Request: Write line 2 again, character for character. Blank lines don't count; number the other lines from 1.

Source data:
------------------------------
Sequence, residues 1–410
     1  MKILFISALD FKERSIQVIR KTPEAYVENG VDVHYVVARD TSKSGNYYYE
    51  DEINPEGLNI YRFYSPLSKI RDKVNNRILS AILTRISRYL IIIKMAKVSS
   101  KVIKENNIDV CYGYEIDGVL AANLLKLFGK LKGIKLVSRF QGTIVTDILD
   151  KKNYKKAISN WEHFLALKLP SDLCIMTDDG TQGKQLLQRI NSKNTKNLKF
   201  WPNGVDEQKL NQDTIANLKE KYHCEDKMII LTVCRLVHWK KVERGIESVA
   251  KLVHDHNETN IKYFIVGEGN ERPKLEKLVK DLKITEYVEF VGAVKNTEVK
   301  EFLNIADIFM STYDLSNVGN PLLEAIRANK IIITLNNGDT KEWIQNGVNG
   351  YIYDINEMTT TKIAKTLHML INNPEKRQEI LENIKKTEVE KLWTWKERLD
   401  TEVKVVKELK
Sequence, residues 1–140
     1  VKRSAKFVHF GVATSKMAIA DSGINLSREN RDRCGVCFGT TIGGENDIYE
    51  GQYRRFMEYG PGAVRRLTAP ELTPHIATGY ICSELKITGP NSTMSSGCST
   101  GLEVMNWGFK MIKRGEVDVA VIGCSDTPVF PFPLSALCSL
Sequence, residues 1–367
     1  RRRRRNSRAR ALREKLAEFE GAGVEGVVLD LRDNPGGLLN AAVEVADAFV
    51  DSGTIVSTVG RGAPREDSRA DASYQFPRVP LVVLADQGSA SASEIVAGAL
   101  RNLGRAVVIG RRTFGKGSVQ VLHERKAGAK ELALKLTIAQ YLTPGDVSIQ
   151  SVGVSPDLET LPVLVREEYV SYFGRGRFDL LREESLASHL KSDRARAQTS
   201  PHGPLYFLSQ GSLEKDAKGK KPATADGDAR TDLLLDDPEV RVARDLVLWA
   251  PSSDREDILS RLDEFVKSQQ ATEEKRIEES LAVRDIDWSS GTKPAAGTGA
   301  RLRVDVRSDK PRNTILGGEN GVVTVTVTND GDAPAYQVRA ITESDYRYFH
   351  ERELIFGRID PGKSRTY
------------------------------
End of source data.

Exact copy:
     1  MKILFISALD FKERSIQVIR KTPEAYVENG VDVHYVVARD TSKSGNYYYE